Every time I walk into a dining room now I pause and take a good look around. Then I remind myself to take a photo, for posterity. The images of New Orleans dining rooms as they reopen are snapshots of these strange times, with tables scant and spaced, the staff wearing face masks. Some people have told me the photos look depressing. But that's not how these dining rooms actually feel after taking a seat in them.
It does feel different from before. There’s a trickle of tension. Are we doing this right? Is it really okay now? Everyone is adjusting to a new reality inhabiting familiar spaces.
But once the mechanics of the meal got underway, being in these dining rooms felt like watching hope put into action. That‘s a welcome change after months of waiting, wondering, worrying.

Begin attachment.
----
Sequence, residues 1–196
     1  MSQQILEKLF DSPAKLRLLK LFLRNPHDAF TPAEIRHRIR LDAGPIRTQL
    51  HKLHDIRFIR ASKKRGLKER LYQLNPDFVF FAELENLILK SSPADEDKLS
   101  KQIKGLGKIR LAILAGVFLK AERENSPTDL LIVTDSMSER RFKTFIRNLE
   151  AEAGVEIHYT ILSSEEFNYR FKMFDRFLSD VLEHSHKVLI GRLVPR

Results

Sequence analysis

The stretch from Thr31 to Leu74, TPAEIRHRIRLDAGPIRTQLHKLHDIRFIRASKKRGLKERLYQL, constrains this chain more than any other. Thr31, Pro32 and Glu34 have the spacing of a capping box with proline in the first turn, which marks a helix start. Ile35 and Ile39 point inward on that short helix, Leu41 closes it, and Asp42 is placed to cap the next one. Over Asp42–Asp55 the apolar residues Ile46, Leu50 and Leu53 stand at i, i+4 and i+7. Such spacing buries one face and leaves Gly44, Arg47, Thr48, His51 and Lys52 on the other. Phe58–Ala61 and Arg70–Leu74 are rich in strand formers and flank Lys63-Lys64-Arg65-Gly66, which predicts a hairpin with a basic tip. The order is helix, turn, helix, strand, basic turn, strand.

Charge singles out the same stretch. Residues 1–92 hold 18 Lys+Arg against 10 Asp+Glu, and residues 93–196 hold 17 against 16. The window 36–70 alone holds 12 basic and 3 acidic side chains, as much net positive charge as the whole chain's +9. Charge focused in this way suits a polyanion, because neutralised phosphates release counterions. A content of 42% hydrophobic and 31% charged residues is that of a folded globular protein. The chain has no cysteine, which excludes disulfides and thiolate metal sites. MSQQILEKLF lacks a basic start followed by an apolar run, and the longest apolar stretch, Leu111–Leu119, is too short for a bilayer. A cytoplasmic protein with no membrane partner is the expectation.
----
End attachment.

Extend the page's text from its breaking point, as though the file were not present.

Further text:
What photos can't show is the restorative lift of people convening again, with the invisible but entirely tangible connection built there between them at the table, if just for a moment, sharing a meal, sharing some time at ease.
New Orleans restaurants, so entwined with the cultural and economic life of this city, are testaments to where we stand in the pandemic fight: aching to get back to normal, desperate to save businesses and jobs, anxious to do it safely in an era of unknowns. And so the reopenings are happening slowly, in phases, each phase its own test.
So when I turn up at a restaurant now I smile under my own mask and say “welcome back.” I take my seat, stash that mask and get down to business.
Red beans and rice at Dunbar’s because it's Monday. Lemon fish with crabmeat at Galatoire’s because where else will you get it just like this? Soft shell crab in its seasonal prime at Mandina’s. Oysters on the half shell at Pêche Seafood Grill because it’s just been too long.
Dining anssywhere now is bound to feel a little strange. It turns out that New Orleans restaurants can take strange in their stride